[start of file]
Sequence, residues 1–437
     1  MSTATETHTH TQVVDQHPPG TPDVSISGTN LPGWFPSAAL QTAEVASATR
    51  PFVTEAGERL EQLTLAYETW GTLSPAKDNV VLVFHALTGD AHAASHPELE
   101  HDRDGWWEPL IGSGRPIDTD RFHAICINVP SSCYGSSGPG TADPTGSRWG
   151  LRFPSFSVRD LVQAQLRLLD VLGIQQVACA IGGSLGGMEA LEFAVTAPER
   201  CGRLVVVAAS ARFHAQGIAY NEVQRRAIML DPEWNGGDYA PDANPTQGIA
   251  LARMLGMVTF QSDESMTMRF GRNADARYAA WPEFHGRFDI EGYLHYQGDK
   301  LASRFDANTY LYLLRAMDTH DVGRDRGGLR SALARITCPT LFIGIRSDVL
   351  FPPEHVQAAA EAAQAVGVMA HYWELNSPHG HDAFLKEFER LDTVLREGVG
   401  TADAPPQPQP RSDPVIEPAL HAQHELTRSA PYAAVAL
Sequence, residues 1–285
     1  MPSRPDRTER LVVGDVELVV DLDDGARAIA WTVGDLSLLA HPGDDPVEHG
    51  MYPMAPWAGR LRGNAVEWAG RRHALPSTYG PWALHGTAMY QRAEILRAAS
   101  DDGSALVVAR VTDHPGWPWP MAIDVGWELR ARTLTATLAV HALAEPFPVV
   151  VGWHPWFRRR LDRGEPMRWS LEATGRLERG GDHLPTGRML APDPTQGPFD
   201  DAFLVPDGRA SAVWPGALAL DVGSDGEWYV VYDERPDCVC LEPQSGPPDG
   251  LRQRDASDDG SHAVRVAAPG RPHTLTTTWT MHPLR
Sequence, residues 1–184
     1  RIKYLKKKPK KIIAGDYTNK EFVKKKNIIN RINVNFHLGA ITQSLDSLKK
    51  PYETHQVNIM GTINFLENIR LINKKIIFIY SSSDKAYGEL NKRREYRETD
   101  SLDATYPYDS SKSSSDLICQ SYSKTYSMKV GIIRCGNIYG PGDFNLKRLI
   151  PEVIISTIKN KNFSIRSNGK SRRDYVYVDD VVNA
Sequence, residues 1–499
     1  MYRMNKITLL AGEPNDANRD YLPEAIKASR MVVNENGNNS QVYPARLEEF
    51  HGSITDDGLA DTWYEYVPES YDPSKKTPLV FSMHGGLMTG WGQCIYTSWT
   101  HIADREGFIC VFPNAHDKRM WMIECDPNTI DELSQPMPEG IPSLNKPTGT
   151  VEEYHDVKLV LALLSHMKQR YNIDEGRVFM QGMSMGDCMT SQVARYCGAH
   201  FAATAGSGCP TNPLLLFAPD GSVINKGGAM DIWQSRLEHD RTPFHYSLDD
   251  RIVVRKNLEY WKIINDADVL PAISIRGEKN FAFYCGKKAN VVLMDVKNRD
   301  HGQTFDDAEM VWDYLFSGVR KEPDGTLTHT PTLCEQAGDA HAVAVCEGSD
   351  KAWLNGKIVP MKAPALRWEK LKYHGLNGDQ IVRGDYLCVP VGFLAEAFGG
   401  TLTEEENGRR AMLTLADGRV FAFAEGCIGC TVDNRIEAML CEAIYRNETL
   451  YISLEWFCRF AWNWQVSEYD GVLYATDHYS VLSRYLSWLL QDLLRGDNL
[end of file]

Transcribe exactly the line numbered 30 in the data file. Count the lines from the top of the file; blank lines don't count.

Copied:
   301  HGQTFDDAEM VWDYLFSGVR KEPDGTLTHT PTLCEQAGDA HAVAVCEGSD